The Gift of Jealousy

“To cure jealousy is to see it for what it is: a dissatisfaction of self.  – Joan Didion

You feel all flow immediately blocked.

Instead of acting from your authentic self or true self, you are reacting to an external happening.

There’s no mistaken this shift.  It’s as though your inside went from light to dark.

Your eyes darken and take on an unmistakable glare.

A heated tightness takes over your face.

Your breath shortens and you feel an unmistakable grip.

Everything has somehow funneled into the tight hold of one powerful emotion and you are at its mercy.

A destructive emotion

I know the above scenario because it has played out in my life on more than one occasion.

Of all the emotions I’ve felt, I think jealousy can be one of the trickiest and most powerfully destructive emotions of them all.

I wouldn’t say that I was an overly jealous person but when it happened it was such a strong sensation that it often left me feeling like I’d been attacked by something that did not have my best interests at heart.

It (jealousy) was so concerned with the dazzle of something beyond me that it would show up and take over.

Its focus was something someone else had that was perceived as so wonderful that it threw me into a state that made me feel awful.

Think about that for a moment.

Perception of something wonderful outside equals powerfully awful feeling inside.

How profoundly dumb is it to go down that road?

And yet, at times.

You, me, and Shakespeare’s Othello have let it get the best of us.

I was determined to control this destructive emotion and began to think of  jealousy as anti spirit, anti health and anti growth.  I thought I could completely eliminate it from my life.

How jealousy can be a gift and help you grow

Even though I took that stance and was able to limit its occurrence, I still experience being jealous once in a while.

As I said, jealousy is tricky and sneaks up on you regardless of your best efforts.

But I did notice a change the few times I continued to experienced it.

I noticed that now  my jealousy seemed to be in reaction to things that were significant.  It was no longer a reaction to material or superficial things.

I began to realize that the jealousy that I now experienced was actually a gift because it was forcing me to pay attention to something that was really important to me.

My jealousy was a signpost pointing towards an area of my life that I was limiting myself in.

The following personal story is one of several that taught me how jealousy can be a gift.

One day I got a call from a friend announcing her pregnancy.

Great news!  A new mom, a new life, right?

Well, yeah, sort of.  While I was happy for her, the happiness was quickly replaced by the overwhelming presence of jealousy that set up camp smack dab in my chest.

I was frustrated and disappointed by my reaction.

This led me to lean into the jealousy and follow it.

I started to ask myself some key questions.

Why did I have this reaction?

What is it pointing to?

What could I do to address it personally so I could shift the focus back to the happy announcement?

After I pondered these questions and did some soul searching, I realized that I wanted to have a baby but had been pushing that desire beneath the surface and not acknowledging it because the timing wasn’t right.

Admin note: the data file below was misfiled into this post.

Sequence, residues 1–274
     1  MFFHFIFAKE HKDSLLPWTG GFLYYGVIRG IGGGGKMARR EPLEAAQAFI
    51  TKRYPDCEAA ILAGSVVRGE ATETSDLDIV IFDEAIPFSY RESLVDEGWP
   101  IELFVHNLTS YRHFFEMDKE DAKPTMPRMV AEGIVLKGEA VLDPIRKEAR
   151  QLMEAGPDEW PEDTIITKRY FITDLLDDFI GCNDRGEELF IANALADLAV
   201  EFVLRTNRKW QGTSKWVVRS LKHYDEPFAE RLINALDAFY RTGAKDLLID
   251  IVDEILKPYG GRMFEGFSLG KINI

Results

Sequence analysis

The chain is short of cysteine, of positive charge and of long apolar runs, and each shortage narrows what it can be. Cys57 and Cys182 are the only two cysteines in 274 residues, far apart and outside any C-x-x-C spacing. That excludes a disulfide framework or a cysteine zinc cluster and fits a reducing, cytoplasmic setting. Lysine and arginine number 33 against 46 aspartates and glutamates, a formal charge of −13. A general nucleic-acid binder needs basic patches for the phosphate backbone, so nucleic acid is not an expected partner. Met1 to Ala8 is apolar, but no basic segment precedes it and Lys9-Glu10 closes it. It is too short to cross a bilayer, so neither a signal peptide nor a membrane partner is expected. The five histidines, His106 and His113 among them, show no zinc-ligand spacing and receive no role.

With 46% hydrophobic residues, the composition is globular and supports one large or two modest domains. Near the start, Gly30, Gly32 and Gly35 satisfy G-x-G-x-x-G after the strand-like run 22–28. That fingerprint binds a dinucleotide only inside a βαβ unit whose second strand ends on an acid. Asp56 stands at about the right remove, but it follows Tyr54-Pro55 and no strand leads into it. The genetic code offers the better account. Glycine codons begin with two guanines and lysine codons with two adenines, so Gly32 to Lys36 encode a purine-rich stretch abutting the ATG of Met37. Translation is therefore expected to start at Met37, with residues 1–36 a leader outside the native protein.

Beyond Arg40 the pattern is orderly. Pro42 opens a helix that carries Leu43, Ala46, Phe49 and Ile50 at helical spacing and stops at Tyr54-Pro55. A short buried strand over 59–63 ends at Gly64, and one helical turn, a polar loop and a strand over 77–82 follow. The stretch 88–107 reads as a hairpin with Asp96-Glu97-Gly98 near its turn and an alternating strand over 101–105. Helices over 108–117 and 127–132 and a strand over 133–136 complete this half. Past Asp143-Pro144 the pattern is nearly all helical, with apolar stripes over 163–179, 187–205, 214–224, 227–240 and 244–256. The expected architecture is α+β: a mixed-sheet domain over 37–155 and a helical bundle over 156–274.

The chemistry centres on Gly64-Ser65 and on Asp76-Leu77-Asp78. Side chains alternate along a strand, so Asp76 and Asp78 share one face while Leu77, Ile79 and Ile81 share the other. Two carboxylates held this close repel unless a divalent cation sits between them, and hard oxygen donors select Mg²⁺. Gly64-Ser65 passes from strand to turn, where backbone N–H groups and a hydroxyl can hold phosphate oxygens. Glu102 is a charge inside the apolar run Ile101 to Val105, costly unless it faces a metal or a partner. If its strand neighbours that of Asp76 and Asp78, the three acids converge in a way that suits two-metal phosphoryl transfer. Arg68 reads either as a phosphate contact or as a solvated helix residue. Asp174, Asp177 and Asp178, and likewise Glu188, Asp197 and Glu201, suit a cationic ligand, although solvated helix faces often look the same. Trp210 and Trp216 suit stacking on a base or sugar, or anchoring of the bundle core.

Although I wasn’t consciously aware of the depth of this desire, it surfaced in the form of jealousy when I heard the announcement.

My jealous reaction was so powerful that it pointed me towards a desire held beneath the surface of my awareness.  Ultimately this awareness led to my own pregnancy and a beautiful baby.   To this day, I am thankful to my jealous reaction because it forced me to wake up.  In that situation jealousy really did have my best interests at heart.

Here are five questions that I ask myself when I have a jealous reaction:

5 questions to ask to find the hidden gift in your jealous reaction

-Why did I have such a powerfully jealous reaction?

-What is this jealous reaction pointing to? Am I not aware of a hidden desire?

-Is the object of my jealousy something I am willing to concentrate on and work for or is it just a momentary want triggered by an outside source?

-What steps can I take to remove blocks and grow towards manifesting this desire?

-How can I manage this reaction and shift the experience from destructive to constructive.

Jealousy can be powerfully destructive but it also can be a gift.

The next time you experience a jealous reaction be sure to ask the powerful questions necessary for finding the hidden gift in your jealous reaction.

Sheila McCann is the creator of the Rainbow Framework a universal framework for life, love, wealth, creativity.  One look and you’ll get life in a big way.  Pop on over and get your free rainbow framework e-book and visual.


Erin shows overscheduled, overwhelmed women how to do less so that they can achieve more. Traditional productivity books—written by men—barely touch the tangle of cultural pressures that women feel when facing down a to-do list. How to Get Sh*t Done will teach you how to zero in on the three areas of your life where you want to excel, and then it will show you how to off-load, outsource, or just stop giving a damn about the rest.

7 Responses to The Gift of Jealousy

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